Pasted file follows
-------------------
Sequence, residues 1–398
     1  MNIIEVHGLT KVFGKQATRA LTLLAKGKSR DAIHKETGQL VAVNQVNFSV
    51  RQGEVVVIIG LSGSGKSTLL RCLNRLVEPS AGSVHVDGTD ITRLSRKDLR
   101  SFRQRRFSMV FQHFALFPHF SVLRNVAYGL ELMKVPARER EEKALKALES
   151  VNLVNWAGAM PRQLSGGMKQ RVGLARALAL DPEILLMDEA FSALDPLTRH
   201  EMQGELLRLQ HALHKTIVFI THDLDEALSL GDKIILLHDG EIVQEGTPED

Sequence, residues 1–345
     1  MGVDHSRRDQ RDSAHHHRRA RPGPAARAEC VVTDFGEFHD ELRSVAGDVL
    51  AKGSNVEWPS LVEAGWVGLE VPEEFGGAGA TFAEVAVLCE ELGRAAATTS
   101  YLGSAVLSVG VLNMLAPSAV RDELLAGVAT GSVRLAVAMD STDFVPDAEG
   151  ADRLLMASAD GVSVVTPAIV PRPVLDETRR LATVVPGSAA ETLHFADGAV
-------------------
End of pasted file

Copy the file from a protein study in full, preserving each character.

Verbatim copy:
Sequence, residues 1–398
     1  MNIIEVHGLT KVFGKQATRA LTLLAKGKSR DAIHKETGQL VAVNQVNFSV
    51  RQGEVVVIIG LSGSGKSTLL RCLNRLVEPS AGSVHVDGTD ITRLSRKDLR
   101  SFRQRRFSMV FQHFALFPHF SVLRNVAYGL ELMKVPARER EEKALKALES
   151  VNLVNWAGAM PRQLSGGMKQ RVGLARALAL DPEILLMDEA FSALDPLTRH
   201  EMQGELLRLQ HALHKTIVFI THDLDEALSL GDKIILLHDG EIVQEGTPED

Sequence, residues 1–345
     1  MGVDHSRRDQ RDSAHHHRRA RPGPAARAEC VVTDFGEFHD ELRSVAGDVL
    51  AKGSNVEWPS LVEAGWVGLE VPEEFGGAGA TFAEVAVLCE ELGRAAATTS
   101  YLGSAVLSVG VLNMLAPSAV RDELLAGVAT GSVRLAVAMD STDFVPDAEG
   151  ADRLLMASAD GVSVVTPAIV PRPVLDETRR LATVVPGSAA ETLHFADGAV